All of a sudden, it didn’t matter anymore. Cassino was just a name on a map. Down in the valley the entire might of the 5th and 8th Armies were streaming across the bridge over the Rapido River in a constant stream of traffic which lasted for days. The leaders had, by now, reached the next line of defence called the “Adolf Hitler Line”, but were being held up by extensive minefields and chains of pill boxes in areas fortified up to a depth of 1000 yards. In the meantime, the main body of the army was held up getting through Cassino and over bridges; 2,000 tanks and 20,000 vehicles and a lot of men. Let someone else sort it out!

The Polish army had put up a memorial on the hill point called 593. This has now become the Polish cemetery and when I visited in 2007 the memorial reads: “We, the Polish soldiers, for our freedom and yours, have given our souls to God, our bodies to the soil of Italy and our hearts to Poland“. These words describe the gallantry of the Polish armies in Italy.

On 6th June 1944 the Allies landed in Normandy and so Italy was no longer front page news. While we were collecting our dead comrades and generally taking stock of ourselves, I had a trip down to battalion Headquarters. Colonel Hunt, our commanding officer, had requested my presence. In due course I was ushered into his presence by the RSM. The commanding officer asked me if I would be interested in attending Officer Command Training Unit as he thought I had officer qualifications. I politely refused saying that I would rather stay in the ranks and remain with my platoon.

That night I attended the first and only show I saw in Italy; the acts were The Andrews Sisters, followed by a comedian, but the star of the show was Al Jolson. I had heard my dad talk about him because he made the first talking picture. After he had sung two songs, he said, “You are sitting in the rain to hear me sing, so I’ll join you in the rain!”. He came out from the cover and stood with the rain falling on him and asked us what we wanted him to sing. He sang for about an hour and everyone stood up and cheered him.

During the next week or so, we were given a new job. The area around Cassino and the Liri Valley was a strong fascist part of Italy. Our job was to get rid of fascist books from the public libraries. We had to pile them in the town square or similar place. Someone speaking Italian would tell the locals gathered there that the rule of Mussolini would never come back again. When the speech was over one of the lads would step forward with a flamethrower and set fire to the lot. The local mayor would thank us, and that was that! It went down very well and we had done more than 25 different places when we came to Caserta. It had been Allied Headquarters, but just south of the town there had been a prisoner of war camp, holding British and Polish soldiers, taken prisoner in North Africa and transported to Italy. The Italians had badly treated the prisoners, making them work long hours and feeding them on potato peelings and scraps of food, only fit to be thrown away. This treatment had altered as the Italians changed sides, but it hadn’t been forgotten. One or two people in charge there were eventually sent away for war crimes.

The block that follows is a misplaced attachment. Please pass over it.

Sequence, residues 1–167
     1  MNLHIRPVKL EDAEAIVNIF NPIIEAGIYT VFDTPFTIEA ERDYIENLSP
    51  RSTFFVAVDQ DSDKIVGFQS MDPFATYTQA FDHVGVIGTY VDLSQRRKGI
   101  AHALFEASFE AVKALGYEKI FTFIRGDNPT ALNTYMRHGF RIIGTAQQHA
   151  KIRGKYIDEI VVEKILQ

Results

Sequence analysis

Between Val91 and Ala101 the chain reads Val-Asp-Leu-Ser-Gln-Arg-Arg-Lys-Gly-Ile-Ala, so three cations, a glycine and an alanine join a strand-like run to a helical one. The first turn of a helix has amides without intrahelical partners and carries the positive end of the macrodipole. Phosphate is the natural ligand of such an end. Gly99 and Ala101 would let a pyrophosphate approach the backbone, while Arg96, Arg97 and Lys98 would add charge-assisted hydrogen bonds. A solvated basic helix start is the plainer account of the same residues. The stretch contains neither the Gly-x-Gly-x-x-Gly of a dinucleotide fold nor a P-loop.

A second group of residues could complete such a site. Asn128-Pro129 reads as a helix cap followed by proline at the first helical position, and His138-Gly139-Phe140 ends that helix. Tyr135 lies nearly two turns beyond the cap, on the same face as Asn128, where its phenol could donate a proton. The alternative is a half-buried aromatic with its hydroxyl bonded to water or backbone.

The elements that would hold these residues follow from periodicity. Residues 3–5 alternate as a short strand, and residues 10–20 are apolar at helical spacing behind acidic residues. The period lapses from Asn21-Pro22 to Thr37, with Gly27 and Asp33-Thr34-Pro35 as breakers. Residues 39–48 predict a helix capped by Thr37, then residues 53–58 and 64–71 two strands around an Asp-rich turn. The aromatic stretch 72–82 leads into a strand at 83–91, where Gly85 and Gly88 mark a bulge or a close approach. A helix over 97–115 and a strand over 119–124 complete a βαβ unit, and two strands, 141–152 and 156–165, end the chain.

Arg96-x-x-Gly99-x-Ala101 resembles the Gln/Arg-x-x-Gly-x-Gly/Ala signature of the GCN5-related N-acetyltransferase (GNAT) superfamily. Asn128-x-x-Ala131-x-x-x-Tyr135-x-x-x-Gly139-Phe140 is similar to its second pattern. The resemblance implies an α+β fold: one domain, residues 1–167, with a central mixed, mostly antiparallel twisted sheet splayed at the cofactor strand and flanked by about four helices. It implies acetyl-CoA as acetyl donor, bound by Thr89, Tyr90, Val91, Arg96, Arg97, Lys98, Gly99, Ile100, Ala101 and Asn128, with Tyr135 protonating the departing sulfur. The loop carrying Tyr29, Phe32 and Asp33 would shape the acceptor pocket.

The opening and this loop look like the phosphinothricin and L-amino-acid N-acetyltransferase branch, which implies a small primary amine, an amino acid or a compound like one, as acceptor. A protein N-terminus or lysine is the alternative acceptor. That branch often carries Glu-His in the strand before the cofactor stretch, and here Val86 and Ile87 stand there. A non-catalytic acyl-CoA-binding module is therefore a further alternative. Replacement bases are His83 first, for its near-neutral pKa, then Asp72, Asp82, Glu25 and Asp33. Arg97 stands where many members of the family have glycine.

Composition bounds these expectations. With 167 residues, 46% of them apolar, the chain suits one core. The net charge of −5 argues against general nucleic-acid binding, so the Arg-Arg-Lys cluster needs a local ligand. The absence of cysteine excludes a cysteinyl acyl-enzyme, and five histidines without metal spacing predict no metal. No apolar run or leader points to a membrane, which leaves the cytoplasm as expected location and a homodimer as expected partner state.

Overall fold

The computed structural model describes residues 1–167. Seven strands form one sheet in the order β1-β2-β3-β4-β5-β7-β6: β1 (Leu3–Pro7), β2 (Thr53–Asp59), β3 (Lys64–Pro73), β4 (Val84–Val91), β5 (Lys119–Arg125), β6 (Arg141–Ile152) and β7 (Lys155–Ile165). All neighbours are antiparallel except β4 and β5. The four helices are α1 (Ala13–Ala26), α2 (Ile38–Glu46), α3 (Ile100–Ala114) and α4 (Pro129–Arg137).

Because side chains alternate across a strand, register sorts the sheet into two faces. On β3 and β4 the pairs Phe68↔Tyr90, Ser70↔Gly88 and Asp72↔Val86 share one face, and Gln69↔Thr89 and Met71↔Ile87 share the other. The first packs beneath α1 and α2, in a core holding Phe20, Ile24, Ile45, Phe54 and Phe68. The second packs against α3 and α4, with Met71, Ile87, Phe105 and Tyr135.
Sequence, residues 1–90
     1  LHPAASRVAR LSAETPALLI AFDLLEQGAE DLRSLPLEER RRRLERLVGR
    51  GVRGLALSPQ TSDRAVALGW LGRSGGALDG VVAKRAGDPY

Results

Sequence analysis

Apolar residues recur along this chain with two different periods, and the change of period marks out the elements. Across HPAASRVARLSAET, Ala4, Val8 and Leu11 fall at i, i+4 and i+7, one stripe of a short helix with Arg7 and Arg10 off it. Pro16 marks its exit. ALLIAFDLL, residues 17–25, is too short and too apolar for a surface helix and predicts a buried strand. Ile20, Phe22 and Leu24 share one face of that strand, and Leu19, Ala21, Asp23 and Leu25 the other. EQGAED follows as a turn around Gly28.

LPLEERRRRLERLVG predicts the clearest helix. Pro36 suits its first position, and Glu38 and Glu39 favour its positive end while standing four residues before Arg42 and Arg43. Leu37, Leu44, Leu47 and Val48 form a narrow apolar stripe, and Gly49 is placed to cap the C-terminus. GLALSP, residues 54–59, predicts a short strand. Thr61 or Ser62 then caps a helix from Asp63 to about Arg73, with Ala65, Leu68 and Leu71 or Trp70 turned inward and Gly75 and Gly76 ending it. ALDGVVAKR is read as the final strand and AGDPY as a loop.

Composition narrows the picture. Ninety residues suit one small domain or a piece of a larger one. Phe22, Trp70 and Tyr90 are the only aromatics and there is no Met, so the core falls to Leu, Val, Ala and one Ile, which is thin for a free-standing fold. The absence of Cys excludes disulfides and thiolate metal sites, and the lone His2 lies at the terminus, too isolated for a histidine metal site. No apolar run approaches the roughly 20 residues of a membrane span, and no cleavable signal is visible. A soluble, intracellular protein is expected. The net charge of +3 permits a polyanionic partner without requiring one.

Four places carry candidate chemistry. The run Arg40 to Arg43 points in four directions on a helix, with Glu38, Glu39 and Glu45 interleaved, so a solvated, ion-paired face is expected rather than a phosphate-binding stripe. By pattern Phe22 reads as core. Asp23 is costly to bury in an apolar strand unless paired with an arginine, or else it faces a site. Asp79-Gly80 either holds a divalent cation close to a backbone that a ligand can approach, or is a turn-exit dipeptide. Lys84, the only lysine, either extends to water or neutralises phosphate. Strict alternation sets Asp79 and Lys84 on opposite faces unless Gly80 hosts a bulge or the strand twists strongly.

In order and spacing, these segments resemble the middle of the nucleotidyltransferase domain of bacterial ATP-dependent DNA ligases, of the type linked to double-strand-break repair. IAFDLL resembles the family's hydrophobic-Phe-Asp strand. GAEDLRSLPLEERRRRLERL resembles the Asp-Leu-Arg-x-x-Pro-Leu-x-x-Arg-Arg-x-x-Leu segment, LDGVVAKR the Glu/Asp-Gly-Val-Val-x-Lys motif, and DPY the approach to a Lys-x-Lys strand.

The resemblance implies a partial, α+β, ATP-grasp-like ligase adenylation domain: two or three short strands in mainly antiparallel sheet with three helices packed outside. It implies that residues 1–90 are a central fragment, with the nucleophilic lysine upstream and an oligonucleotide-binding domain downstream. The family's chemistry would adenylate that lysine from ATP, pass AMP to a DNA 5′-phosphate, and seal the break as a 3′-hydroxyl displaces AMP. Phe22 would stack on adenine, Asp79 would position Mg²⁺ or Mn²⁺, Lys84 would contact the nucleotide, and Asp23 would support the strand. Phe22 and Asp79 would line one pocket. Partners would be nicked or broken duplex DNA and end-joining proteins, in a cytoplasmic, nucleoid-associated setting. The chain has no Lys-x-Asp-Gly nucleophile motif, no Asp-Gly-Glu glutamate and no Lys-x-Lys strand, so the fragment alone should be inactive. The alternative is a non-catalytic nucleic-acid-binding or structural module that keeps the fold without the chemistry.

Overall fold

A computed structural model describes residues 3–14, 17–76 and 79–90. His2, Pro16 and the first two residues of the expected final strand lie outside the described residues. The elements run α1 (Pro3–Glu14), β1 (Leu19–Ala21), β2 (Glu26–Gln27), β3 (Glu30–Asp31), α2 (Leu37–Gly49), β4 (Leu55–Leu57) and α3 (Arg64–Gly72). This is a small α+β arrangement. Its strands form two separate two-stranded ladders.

We did the usual routine of piling up the books, the speeches were made and the flamethrower made his shot. However, this time it didn’t ignite, so he gave it another burst. This one ignited but bounced off the top of the pile and landed among the Italian dignitaries. We were accused by the locals of doing this on purpose, but it was truly an accident. When I revisited the town in 2007 it was the only war grave cemetery that had its gates locked due to the damage being done to the graves.

As the second front was established in Europe, the top brass decided to withdraw most of the ground forces from Italy. The 5th army had to withdraw seven of its best divisions; three American and four French divisions. Once again the troops in Italy were being robbed of total victory. It was a poor reward for the troops in Italy. Cassino, so costly in human life and suffering, was to be deprived of the full victory that would have made it worthwhile in the end. Now it was little more than a victory of human spirit for the common soldier, and a memorial to the horrors of war. As for our battalion, we were moved across to the west of Route 6 and proceeded northwards in a general mopping-up operation. Most of the hard fighting was continuing to the east of the country. Impregnable Cassino had fallen, two German armies had been thoroughly defeated, 20,000 prisoners were taken, three defence lines were smashed, vast quantities of tanks and guns had been destroyed and two Allied armies had advanced eighty miles! We continued on our way and ended up in Milan, where we got new orders to leave Italy.

This narrative is taken from an account of my time spent during the 1939-1945 Second World War and is printed here with my express permission to the Italy Star Association 1943-1945.

It was written on the advice of the Royal British Legion, to enable future generations to understand how we of that time lived, and sometimes died, during that proud period of our history.

A full copy of this narrative now lies in Hull City Museum archives.

I have given my permission for the Italy Star Association 1943-1945 to use part of my account and put it on to its web site – Signed: Edward Carr.


  1. Anthony Rickard

    What a fine report. My late Father flew “the boys back from Bari” some of them, at least!

  2. Barry Miller

    My late father, Ernie Miller, wrote a book called “Diary of a D-day Dodger” which follows his war time in the Army with the REME going up through Italy.